Windows Middle East Electronic Edition - 12th April 2005

If you’re an internet addict like me then you want to be able to surf the internet quickly at home, at work and everywhere in-between, and not pay extortionate prices to do it. If you live in Jordan then, I’m green with envy.

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By  Matthew Wade Published  April 11, 2005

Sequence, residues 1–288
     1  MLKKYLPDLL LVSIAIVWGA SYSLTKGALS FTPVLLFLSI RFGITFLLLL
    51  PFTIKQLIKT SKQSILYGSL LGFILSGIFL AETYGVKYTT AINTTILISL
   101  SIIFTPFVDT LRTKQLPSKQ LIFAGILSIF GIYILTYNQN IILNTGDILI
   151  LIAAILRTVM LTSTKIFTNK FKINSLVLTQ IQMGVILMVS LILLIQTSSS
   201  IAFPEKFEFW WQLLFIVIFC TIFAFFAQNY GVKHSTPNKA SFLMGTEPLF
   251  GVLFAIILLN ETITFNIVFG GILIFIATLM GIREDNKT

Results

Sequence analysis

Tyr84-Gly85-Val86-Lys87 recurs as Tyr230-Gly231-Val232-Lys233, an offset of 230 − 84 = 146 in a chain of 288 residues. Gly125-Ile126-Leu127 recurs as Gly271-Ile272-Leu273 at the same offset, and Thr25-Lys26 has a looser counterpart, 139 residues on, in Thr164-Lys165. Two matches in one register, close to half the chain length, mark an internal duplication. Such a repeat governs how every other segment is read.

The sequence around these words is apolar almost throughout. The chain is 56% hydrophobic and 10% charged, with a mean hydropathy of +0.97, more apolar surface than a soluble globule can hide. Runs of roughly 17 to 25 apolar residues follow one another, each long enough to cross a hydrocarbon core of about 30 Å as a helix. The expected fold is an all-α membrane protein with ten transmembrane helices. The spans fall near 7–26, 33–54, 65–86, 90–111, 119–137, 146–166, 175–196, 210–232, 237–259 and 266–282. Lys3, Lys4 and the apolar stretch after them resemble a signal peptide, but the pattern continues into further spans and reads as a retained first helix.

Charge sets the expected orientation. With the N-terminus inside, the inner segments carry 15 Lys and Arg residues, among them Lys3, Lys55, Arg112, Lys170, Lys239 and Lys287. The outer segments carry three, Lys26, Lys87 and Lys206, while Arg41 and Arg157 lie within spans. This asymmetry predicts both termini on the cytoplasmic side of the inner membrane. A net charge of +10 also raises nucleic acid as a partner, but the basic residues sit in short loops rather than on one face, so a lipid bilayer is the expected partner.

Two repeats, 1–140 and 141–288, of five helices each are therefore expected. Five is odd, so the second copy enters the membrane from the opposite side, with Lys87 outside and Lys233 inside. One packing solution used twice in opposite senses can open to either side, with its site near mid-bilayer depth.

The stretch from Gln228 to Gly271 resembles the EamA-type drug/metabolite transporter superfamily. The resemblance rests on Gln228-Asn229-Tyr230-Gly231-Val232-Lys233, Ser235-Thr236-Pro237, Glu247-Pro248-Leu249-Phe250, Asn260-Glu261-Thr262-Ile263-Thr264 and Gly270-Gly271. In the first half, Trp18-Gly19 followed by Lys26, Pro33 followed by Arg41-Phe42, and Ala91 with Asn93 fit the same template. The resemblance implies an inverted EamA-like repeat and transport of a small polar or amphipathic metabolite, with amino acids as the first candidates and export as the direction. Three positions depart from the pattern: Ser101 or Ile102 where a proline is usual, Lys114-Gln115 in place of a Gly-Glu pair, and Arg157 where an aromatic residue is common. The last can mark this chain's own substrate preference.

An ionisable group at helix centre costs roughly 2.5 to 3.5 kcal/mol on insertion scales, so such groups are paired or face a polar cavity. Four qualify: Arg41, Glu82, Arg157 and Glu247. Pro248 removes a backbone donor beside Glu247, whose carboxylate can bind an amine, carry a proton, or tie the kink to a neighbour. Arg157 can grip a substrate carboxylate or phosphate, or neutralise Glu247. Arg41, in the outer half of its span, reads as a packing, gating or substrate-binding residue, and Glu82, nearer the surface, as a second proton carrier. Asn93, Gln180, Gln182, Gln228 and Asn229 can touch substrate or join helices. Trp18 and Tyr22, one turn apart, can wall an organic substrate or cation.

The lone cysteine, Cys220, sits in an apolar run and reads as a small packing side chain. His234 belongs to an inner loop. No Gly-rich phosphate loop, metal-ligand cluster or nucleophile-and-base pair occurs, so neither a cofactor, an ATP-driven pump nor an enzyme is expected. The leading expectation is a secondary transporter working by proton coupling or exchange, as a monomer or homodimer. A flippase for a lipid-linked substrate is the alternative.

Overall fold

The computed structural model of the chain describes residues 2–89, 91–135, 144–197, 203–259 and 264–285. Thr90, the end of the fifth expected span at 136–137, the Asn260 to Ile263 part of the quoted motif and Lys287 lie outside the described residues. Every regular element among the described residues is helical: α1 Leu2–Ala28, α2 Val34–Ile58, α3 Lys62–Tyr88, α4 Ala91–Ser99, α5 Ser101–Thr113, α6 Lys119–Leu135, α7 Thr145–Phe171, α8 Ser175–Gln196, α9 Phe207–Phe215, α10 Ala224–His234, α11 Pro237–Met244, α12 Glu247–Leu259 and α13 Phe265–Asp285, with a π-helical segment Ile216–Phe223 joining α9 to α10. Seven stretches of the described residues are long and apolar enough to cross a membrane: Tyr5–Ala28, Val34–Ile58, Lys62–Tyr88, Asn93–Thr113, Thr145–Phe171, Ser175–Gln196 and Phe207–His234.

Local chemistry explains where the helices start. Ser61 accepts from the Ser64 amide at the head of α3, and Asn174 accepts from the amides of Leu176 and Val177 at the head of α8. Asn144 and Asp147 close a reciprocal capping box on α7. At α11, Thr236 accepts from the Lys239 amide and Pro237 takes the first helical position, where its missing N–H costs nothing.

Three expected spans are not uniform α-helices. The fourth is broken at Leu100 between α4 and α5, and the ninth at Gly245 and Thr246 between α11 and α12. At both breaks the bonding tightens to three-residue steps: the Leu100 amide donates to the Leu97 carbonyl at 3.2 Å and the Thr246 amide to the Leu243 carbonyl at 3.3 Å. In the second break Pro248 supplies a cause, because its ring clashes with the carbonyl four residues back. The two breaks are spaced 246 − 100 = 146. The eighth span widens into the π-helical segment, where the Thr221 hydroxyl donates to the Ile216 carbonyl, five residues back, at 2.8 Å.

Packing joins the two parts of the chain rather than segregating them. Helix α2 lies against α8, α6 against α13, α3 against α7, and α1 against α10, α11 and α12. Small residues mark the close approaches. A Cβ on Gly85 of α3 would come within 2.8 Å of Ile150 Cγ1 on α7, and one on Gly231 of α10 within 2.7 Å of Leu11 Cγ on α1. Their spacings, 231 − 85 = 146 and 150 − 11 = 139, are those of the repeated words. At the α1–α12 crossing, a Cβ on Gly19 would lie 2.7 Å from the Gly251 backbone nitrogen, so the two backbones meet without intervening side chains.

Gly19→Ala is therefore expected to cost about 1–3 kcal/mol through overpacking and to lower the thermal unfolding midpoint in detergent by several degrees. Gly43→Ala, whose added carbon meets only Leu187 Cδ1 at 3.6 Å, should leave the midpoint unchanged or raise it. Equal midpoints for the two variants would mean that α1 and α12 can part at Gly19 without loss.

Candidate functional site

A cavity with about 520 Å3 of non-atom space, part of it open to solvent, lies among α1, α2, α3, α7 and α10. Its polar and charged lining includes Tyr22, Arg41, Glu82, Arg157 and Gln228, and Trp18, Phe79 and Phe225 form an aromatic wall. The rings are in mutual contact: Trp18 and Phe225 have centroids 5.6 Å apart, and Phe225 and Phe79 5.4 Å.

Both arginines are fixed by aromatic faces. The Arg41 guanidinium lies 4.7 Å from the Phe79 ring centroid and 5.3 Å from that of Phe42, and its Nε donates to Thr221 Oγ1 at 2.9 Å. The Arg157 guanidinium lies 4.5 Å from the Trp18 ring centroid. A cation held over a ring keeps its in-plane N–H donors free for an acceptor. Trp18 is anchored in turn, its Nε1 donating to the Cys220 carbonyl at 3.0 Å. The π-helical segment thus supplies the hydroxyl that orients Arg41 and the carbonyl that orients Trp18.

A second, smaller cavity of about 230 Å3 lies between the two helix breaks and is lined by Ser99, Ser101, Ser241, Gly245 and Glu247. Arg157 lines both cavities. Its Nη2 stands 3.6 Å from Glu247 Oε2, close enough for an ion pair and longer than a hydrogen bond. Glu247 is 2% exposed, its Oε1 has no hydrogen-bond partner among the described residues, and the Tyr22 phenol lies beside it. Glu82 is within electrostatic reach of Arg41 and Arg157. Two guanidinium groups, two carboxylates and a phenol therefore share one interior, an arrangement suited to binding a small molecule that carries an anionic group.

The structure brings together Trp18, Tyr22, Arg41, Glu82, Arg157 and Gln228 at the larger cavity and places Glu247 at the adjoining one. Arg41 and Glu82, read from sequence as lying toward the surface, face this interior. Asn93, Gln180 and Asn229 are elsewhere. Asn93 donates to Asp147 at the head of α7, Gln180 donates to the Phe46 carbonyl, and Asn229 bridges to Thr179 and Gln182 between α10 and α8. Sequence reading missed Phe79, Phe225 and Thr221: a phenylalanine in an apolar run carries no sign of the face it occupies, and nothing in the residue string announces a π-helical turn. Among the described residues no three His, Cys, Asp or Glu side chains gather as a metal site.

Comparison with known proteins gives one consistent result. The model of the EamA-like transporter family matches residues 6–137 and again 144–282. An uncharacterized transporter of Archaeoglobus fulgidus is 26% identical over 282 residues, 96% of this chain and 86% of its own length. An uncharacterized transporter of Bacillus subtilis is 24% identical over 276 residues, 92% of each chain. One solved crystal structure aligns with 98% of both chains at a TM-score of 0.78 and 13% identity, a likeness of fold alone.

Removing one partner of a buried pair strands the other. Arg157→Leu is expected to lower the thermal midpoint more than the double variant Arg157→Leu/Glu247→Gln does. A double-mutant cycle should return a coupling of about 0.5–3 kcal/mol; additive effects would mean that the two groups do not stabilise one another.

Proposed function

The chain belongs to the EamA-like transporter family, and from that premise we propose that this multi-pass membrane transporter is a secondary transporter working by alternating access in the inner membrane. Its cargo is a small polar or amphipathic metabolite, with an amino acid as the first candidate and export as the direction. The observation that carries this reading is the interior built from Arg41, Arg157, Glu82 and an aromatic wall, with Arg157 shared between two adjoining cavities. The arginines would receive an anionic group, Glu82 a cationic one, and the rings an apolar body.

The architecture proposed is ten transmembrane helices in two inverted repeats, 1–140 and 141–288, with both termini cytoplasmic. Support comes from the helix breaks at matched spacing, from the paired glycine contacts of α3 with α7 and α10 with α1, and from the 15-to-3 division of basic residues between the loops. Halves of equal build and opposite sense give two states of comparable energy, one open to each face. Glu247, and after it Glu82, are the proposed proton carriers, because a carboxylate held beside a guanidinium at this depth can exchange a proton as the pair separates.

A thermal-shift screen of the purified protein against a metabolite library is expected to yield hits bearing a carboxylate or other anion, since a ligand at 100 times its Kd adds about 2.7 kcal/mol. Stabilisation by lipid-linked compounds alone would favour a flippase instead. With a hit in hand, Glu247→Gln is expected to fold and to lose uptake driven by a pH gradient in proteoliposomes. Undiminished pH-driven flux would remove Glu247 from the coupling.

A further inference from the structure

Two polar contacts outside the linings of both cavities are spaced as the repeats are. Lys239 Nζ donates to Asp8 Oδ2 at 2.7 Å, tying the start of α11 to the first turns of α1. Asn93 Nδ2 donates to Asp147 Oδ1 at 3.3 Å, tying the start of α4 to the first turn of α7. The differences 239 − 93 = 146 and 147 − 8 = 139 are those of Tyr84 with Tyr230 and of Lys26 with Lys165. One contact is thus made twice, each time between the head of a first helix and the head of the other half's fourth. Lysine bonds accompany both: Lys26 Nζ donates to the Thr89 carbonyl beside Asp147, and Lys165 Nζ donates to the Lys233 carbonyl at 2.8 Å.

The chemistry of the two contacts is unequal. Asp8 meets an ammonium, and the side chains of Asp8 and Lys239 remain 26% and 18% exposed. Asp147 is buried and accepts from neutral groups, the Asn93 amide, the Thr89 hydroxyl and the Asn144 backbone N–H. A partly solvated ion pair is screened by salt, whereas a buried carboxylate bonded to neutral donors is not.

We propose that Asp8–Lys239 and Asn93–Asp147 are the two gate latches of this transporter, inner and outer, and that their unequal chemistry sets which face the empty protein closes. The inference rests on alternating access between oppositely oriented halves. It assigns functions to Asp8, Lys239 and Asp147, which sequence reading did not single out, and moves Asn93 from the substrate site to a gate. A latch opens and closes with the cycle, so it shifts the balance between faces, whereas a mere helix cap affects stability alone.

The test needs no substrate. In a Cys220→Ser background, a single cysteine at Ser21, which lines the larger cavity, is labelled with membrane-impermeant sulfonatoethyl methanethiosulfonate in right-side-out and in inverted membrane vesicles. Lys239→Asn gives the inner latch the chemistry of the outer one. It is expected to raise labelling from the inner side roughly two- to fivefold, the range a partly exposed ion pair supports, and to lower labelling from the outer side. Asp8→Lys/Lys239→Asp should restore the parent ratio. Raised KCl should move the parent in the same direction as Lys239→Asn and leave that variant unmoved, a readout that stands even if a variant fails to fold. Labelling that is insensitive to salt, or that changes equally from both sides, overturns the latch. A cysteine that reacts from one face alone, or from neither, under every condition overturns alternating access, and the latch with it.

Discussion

Who’s for a move to Jordan?|~||~||~|If you’re an internet addict like me then you want to be able to surf the internet quickly at home, at work and everywhere in-between, and not pay extortionate prices to do it. If you live in Jordan, then I’m green with envy. The reason for my raving jealousy is that Jordan ISP Wanadoo has slashed its ADSL costs, and I mean really chopped them, by 35%. You lucky, lucky Jordanians! It almost makes me want to move to Jordan for that reason alone. It’s truly great news for online gamers, heavy downloaders and all those other surfers in need of serious online speed. Now, if only the UAE’s profit-rich telco giant Etisalat would share some of its wealth and do the same. The reason for Wanadoo’s price plunge? Well it could be their inherent goodliness, true, but I suspect not. I suspect instead it relates to the country’s telecoms industry and the process going on there called liberalisation (now, don’t nod off now, stay with me…). Jordan’s market, like that in Bahrain, is seeing its traditional telecoms monopoly being dissolved and outside competition let into the market. Of course, more competition usually means a price war, and what better for the consumer? In the case of Wanadoo, what we’re actually seeing is the state’s ISP trying to sign up speedy surfers before other cheap-as-chips ISPs steal them away. This process of leveling the playing field should kick off in the region’s biggest user base, Saudi Arabia, from 2008, but in the UAE it seems we’re in for one heck of a wait as nothing official has yet been announced. In the meantime, the money-magnet Etisalat is squeezing us humble netizens for every last penny (as I was writing this, the organisation’s 2004 annual report arrived at my desk, boasting operating profit of 3,297,862,000Dhs, or US$898,600,000). In fact I’d even go so far as to say Etisalat is toying with us – it certainly feels like that to me – as while it’s true that the company runs two or three price promotions each year (generally during or just after the Dubai Shopping Festival and Summer Surprise), these discounted periods aren’t officially announced or promoted beforehand, which means potentially prudent surfers and cash-strapped users can easily miss out on the chance to log on for less. What Etisalat needs to do - if it wants any of its home users to remember it fondly in the future (and so keep our custom rather than lose us to the first newcomer that appears on the market) – is to treat us right, all year long. Consider these figures: Etisalat’s lowest-priced 256K broadband service for home users, courtesy of its ‘Al Shamil’ offshoot, will set you back US$621 per year (not including any initial sign-up charges, the cost of buying a modem, or taking into its special promotional periods). Contrast that with Wanadoo’s now-standard residential ADSL charges for users in Jordan, which cost from just US$226 per year, and UAE residents (including myself) have every reason to groan. So tell me - are you paying through the nose for broadband at home? Is the price of broadband where you live stopping you even signing up? Let us know your thoughts by completing the quick poll on the left, or e-mail the WINDOWS team direct on windows@itp.com. ||**||

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